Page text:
Further Reading: NASA

New Horizons Team Already Finding Surprises on Next Flyby Target

While the New Horizons spacecraft was heading to Pluto, scientists from the mission used Hubble and other telescopes to try and find out more about the environment their spacecraft would be flying through. No one wanted New Horizons to run into unexpected dust or debris.

And now, as New Horizons prepares to fly past its next target, the Kuiper Belt Object known as 2014 MU69, mission scientists are using every tool at their disposal to examine this object and the surrounding region. The flyby will take place on January 1, 2019.

They’ve already uncovered some surprises.

On June 3, 2017, 2014 MU69 passed in front of a star – in an event called an occultation – providing a two-second glimpse of the object’s shadow.

A diagram of an occultation event, via the International Occultation Timing Association.

More than 50 mission team members and collaborators traveled to South Africa and Argentina to catch the occultation, setting up telescopes to capture the event. They are now looking through more than 100,000 images of the occultation star that can be used to assess the environment around this Kuiper Belt object (KBO). In addition, the Hubble Space Telescope and Gaia, a space observatory of the European Space Agency (ESA) also observed the event.

The team said that while MU69 itself eluded direct detection, the June 3 data provided valuable and unexpected insights that have already helped New Horizons.

“These results are telling us something really interesting,” said New Horizons Principal Investigator Alan Stern, of the Southwest Research Institute. “The fact that we accomplished the occultation observations from every planned observing site but didn’t detect the object itself likely means that either MU69 is highly reflective and smaller than some expected, or it may be a binary or even a swarm of smaller bodies left from the time when the planets in our solar system formed.”

Mission scientist Simon Porter said on Twitter, “The upshot is that MU69 is probably not as big and dark as it could have been, and (more importantly) doesn’t seem to have rings or a dust cloud,” adding later that the “lack of dust was reassuring.”

Again, no one wants to New Horizons to run into any surprising dust or debris.

The team will be observing two more occultation events on July 10 and July 17, and Porter said they should get even better constraints from these next two events.

Projected path of the 2014 MU69 occultation shadow, on July 10 (left) and July 17, 2017. Credit: Larry Wasserman/Lowell Observatory, via NASA.

On July 10, NASA’s airborne Stratospheric Observatory for Infrared Astronomy (SOFIA) will use its 100-inch (2.5-meter) telescope to probe the space around MU69 for debris that might present a hazard to New Horizons as it flies by in 18 months.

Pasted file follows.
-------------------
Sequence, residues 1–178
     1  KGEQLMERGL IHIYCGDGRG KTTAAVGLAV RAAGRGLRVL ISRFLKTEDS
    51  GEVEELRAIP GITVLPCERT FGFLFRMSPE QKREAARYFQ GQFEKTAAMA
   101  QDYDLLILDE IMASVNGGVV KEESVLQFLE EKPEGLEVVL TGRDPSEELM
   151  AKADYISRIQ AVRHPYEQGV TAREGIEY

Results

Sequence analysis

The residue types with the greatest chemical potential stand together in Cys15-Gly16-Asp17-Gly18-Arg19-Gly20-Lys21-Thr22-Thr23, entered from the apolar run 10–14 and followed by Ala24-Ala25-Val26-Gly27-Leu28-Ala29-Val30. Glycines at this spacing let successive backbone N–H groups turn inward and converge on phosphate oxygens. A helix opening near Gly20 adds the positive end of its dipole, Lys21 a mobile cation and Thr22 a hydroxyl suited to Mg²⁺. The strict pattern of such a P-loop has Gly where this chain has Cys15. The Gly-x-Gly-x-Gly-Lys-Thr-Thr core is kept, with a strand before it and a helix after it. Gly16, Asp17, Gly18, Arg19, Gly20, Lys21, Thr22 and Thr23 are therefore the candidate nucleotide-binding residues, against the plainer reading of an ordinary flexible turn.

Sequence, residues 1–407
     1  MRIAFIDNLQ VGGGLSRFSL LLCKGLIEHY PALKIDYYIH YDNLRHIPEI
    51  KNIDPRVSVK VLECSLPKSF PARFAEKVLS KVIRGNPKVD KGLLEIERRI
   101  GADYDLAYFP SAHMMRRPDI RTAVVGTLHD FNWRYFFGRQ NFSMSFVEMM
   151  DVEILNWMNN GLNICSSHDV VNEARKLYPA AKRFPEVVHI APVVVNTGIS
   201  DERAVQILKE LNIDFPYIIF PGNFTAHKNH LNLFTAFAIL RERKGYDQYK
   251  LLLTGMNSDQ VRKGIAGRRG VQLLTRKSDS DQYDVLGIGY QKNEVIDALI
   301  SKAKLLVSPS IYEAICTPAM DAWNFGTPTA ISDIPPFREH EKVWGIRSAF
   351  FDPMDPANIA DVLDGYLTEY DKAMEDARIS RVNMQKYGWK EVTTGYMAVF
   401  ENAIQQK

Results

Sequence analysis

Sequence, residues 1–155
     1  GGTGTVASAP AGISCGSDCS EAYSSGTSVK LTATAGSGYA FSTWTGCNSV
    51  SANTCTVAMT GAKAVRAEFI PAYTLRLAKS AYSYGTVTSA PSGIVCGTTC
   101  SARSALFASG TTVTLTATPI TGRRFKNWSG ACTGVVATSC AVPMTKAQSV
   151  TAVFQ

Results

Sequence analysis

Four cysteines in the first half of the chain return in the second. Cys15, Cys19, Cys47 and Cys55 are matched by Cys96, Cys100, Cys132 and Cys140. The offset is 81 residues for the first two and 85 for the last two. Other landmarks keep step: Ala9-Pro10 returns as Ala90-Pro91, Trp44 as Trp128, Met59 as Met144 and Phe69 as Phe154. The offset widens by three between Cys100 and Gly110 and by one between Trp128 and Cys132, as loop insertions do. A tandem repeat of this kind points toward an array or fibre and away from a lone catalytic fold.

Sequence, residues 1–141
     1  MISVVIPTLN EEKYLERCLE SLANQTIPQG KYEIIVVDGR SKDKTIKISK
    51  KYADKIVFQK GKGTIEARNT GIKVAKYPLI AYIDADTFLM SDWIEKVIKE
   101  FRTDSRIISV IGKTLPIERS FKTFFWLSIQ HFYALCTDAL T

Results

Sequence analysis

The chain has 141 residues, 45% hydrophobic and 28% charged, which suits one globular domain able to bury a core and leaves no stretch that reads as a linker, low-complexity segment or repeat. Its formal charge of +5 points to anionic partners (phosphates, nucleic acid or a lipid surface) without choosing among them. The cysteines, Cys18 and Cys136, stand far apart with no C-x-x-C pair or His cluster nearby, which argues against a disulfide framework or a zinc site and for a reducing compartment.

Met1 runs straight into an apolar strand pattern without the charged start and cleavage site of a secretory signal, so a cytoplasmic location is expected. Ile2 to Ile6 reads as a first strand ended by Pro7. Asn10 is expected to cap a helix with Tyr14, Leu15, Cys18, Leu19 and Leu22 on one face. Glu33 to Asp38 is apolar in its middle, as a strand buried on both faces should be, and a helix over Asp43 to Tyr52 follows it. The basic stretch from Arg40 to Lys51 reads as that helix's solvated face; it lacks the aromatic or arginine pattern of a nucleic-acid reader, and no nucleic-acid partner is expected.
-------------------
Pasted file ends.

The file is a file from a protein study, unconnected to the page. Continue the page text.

On July 17, the Hubble Space Telescope also will check for debris around MU69, while team members set up another ground-based “fence line” of small mobile telescopes along the predicted ground track of the occultation shadow in southern Argentina to try to better constrain, or even determine, the size of MU69.

Initial estimates of MU69’s diameter, based primarily on data taken by the Hubble Space Telescope since the KBO’s discovery in 2014, fall in the 12-25-mile (20-40-kilometer) range. However, the latest data from the June occultation seem to imply it’s at or even below the smallest estimated sizes.

“2014 MU69 is a great choice because it is just the kind of ancient KBO, formed where it orbits now, that the Decadal Survey desired us to fly by,” Stern said back in August 2015 when the target was announced. “Moreover, this KBO costs less fuel to reach [than other candidate targets], leaving more fuel for the flyby, for ancillary science, and greater fuel reserves to protect against the unforeseen.”

You can see the star brightness, predicted shadow path and other tech specs for the July 10 and July 17 occultation events at the embedded links.

Source: New Horizons

An Astronomical Detective Tale and the Moon of 2007 OR10

2007 OR10 Moon
2007 OR10 Moon
These two images reveal a moon orbiting the dwarf planet
2007 OR10. NASA/Hubble/ESA/STScI

It isn’t every day we get a new moon added to the list of solar system satellites. The combined observational power of three observatories — Kepler, Herschel and Hubble — led an astronomical detective tale to its climatic conclusion: distant Kuiper Belt Object 2007 OR10 has a tiny moon.

The dwarf planet itself is an enigma wrapped in a mystery: with a long orbit taking it out to a distant aphelion 101 astronomical units (AU) from the Sun, back into the environs of Neptune and Pluto for a perihelion 33 AU from the Sun once every 549 years, 2007 OR10 was discovered by Caltech astronomers Megan Schwamb and Mike Brown in 2007. Nicknamed “Snow White” by Mike Brown for its presumed high albedo, 2007 OR10 was 85 AU distant in the constellation Aquarius at the time of discovery and outbound towards aphelion in 2135. 2007 OR10 is about 1,500 kilometers in diameter, the third largest body known beyond Neptune in our solar system next to Pluto and Eris (nee Xena).